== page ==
Robert’s loved ones were fortunate – they had access to good palliative care and the support of their loved ones, and their suffering was relievable by palliative care. Good deaths are possible within the current framework, but not for everyone, some people will suffer despite good palliative care and the support of their loved ones because palliative care cannot relieve all suffering. Those people, a small but significant minority, will suffer at the end of life unless we give them the choice of an assisted death, and that is why I was arguing the case for change on Thursday at the Unitarian Church in Newington Green.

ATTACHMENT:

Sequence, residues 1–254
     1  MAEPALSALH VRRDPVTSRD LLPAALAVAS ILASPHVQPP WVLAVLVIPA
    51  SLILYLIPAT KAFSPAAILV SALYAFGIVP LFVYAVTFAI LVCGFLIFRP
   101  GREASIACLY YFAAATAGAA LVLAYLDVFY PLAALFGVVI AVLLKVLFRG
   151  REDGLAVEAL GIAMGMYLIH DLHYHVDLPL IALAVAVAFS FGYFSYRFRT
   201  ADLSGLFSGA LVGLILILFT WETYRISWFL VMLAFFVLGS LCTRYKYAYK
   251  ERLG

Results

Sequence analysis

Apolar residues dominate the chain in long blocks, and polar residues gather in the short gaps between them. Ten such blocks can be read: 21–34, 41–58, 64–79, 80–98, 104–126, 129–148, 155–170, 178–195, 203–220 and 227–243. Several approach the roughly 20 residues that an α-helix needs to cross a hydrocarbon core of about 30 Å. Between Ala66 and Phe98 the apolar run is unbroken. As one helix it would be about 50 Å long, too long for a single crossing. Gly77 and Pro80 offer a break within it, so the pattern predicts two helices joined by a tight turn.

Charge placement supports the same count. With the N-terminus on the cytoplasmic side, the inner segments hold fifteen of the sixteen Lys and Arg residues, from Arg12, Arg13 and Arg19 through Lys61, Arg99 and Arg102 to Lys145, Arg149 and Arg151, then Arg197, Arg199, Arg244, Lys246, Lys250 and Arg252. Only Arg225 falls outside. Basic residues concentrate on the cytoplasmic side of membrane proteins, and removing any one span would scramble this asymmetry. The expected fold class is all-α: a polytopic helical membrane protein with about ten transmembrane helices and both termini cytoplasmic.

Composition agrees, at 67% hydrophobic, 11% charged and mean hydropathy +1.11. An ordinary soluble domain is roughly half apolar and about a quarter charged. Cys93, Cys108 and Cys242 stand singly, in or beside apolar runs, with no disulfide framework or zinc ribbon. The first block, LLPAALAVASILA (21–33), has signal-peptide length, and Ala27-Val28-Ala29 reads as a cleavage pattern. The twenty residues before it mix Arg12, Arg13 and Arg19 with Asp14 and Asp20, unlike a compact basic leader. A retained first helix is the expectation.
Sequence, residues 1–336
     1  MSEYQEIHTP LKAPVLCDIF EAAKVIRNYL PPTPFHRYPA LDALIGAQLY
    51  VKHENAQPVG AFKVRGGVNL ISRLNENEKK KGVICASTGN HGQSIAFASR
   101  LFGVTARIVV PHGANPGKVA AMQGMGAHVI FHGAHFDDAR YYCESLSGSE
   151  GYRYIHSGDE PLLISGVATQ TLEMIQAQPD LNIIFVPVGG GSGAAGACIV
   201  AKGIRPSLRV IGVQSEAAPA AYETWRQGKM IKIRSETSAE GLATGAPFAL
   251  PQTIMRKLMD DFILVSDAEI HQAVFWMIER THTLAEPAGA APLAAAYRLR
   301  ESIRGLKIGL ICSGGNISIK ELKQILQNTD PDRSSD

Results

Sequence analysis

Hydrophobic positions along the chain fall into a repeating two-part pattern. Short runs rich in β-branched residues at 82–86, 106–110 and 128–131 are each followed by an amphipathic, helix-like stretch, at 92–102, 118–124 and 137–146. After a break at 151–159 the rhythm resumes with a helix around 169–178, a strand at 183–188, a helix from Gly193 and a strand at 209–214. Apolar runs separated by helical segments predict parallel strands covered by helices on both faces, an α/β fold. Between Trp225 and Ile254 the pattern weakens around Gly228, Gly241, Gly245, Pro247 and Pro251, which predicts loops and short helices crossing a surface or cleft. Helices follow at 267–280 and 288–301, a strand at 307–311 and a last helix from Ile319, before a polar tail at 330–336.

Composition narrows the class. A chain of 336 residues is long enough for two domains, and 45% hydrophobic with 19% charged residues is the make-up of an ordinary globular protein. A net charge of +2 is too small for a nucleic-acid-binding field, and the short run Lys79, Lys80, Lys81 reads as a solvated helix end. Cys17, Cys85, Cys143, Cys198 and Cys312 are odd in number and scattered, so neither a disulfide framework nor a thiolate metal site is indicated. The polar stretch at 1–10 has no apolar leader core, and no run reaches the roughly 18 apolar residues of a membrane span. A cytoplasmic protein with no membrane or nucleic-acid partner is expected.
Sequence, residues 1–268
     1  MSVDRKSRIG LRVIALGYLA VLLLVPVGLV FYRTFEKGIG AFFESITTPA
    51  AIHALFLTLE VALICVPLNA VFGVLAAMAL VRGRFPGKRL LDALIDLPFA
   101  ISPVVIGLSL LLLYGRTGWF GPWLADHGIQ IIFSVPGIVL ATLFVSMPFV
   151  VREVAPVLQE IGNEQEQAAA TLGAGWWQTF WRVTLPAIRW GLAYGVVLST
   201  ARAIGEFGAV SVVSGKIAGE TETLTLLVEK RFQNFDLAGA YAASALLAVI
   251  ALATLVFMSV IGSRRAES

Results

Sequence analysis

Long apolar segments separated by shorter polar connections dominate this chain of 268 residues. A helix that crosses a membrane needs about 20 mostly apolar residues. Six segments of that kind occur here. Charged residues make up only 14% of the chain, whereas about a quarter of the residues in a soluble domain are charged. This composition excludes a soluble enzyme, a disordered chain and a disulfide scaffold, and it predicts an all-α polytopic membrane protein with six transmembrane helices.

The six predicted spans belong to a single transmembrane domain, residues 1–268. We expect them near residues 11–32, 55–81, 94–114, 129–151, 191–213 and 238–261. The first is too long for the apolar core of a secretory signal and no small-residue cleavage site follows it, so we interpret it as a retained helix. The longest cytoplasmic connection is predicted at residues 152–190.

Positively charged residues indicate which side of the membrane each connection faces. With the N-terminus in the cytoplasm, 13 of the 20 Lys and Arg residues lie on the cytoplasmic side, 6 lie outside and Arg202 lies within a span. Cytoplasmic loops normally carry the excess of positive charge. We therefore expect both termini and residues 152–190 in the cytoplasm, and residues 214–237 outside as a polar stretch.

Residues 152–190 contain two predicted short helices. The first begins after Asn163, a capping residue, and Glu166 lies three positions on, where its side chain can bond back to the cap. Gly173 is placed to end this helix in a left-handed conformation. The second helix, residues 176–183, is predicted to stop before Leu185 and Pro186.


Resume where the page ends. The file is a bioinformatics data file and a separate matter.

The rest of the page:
Two days earlier I was at a meeting of the Birmingham Humanists, talking to them about the our campaign and the work of Compassion in Dying in providing tools to enable people to take control of their end of life under the current law – through advance decisions and Lasting Powers of Attorney.
While the speaking events were very different from each other, there was a definite sense of respect and tolerance at both, which have too often been absent at events I’ve attended in the past. This issue isn’t going to go away, nor is the desire for people to explore the issues in debates and discussions so long may the atmosphere of tolerance and respect continue!